A few steps forward, a few steps backward …

HibiscusIn spite of the good work of my physiotherapist and all the stretches and exercises I’ve been doing, my shoulder is only a bit better. My physio said it would likely take six weeks, and I’m trying to be patient and disciplined!

I’m feeling more energetic at times, and at other times completely exhausted. I can’t find any patterns (apart from the fact I tend to feel more fatigue in the afternoons & evenings), so making plans is challenging and sometimes discouraging. On the upside, my 8yo and I enjoyed a long stroll together yesterday evening, and I felt up for another walk this morning. This is encouraging!

duck watchingIMG_0272signs of fall

I’ve now got this itchy rash on my arms & legs – mostly where my skin was tanned in the summer. My oncologist doesn’t know what causes it: possibly a combination of the meds and something else. A friend suggested putting aloe vera on it to help soothe the itchiness, so I tried it and it seems to make a big difference for a few hours. That made falling asleep last night easier than it’s been in a while!

Having a sore shoulder and being itchy isn’t so bad compared with not being able to breathe well. I’m trying to keep things in perspective. 🙂

Here’s an encouraging note:pollinators at work

Every three weeks I have two days with clinical trial appointments. Blood is drawn from my arm each of those days. Left arm on Mondays, right arm on Tuesdays. The Monday blood is sent to a local lab to make sure I’m healthy enough to continue treatment. The Tuesday blood marks the beginning of the next cycle of treatment, and is sent farther away to a lab for the clinical trial data.

Last month I started thinking about the process, and wondering why I had to have blood removed two days in a row. Couldn’t the procedure be changed so that I only had to be poked once every three weeks? (I also get poked whenever I have a CT scan, but that seems unavoidable.) As I thought it through, I couldn’t see any reason that would require blood being removed two different days, except that’s the way the trial was set up. I was open to the likelihood that I was missing something, since I have no background in medicine or pharmacology.

So, at my appointment last month, I raised the question with my oncologist and clinical trial administrator. They could understand my desire to avoid being unnecessarily poked with a needle, and promised to look into it.

When I received word of my appointments booked for this week, something was different! I went in to the clinical trial unit at the hospital, and they poked me once and filled up all the vials that were needed: two for the local lab and a bunch more to be sent away for the clinical trial lab. Only one poke this week! Yay! Then I went to see my oncologist, and he told me that several hours of discussion went into this decision. I’m so thankful! … and I hope that many future clinical trial patients will benefit from my raising the issue and the people in authority investing those hours.

Sometimes we feel powerless. From what I’ve observed, cancer patients tend to feel this quite a lot. Going though tests and treatments is really hard, and even before the diagnosis much of our power is stripped from us. It’s scary and stressful and painful and unpleasant.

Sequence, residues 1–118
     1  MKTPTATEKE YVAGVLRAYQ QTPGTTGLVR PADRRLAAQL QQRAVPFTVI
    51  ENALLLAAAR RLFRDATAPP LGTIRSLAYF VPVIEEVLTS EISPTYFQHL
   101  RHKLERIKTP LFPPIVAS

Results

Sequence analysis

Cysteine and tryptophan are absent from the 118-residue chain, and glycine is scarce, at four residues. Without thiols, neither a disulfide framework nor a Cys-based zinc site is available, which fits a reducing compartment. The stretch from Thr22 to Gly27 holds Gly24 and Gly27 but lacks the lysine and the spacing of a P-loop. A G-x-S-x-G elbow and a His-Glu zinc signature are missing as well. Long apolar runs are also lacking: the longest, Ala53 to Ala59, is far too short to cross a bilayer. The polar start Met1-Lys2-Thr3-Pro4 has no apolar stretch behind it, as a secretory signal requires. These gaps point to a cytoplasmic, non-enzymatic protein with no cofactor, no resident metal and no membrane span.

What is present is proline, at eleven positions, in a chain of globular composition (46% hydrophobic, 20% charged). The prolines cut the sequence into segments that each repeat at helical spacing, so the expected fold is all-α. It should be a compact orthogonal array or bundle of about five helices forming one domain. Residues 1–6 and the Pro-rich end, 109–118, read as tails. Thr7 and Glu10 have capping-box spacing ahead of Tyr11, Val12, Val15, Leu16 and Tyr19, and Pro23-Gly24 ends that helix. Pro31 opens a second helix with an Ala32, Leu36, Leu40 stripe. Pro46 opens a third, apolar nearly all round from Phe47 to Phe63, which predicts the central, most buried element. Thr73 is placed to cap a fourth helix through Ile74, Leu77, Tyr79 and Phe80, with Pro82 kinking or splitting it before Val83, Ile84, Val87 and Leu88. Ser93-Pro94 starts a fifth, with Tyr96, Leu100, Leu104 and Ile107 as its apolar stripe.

I’m glad I was able to think about the blood work process, and felt empowered to ask the question. I’m thankful for those who were open to considering the possibility and willing to invest hours in wrestling with this question. I’m also grateful for the generous folks in the clinical trial section who now graciously welcome me there two days in a row instead of one. (I still have to have the other tests on the second day.) I know that makes extra work for them. Everyone is so busy. There are too many cancer patients.

Earlier this week I was thinking it would be nice to bake some muffins for our family, but I was too tired. Then a friend arrived at our door with homemade muffins she had baked for us! The next day another friend came with some more! Now we have two types of delicious muffins. We are so abundantly blessed!

Last week an envelope containing two gift cards for the grocery store arrived in our mailbox! Thank you, anonymous friend!

So that’s some of my news! … and I will also add that on my walk today I ran into three people who hadn’t seen me in a while (I haven’t been out and about much in the past two years), and they all commented on how good I’m looking. At least one didn’t recognize me at first. They all love my long curly dark hair, and one even said I look twenty years younger!

I’m thankful for these things and for so much more!

neighbourhood garden Fall flowers beauty

One thought on “A few steps forward, a few steps backward …

  1. Dear Jill, A life with variable and unreliable energy is, indeed, tough to live. I guess my blessing is I don’t have a lot of other people who rely upon me for things. I have had to let a lot of my standards drop, concentrate on the things that aid my health and things that aid my soul. The rest is just dust bunnies and dirty windows.
    I also thought you looked terrific the last time I saw you and ever so pleased you are breathing better. 😀
    Amazing that you were able to challenge the procedures at the Cancer Centre to improve your (and many others’) treatment experience. So happy for you that the outcome was positive.

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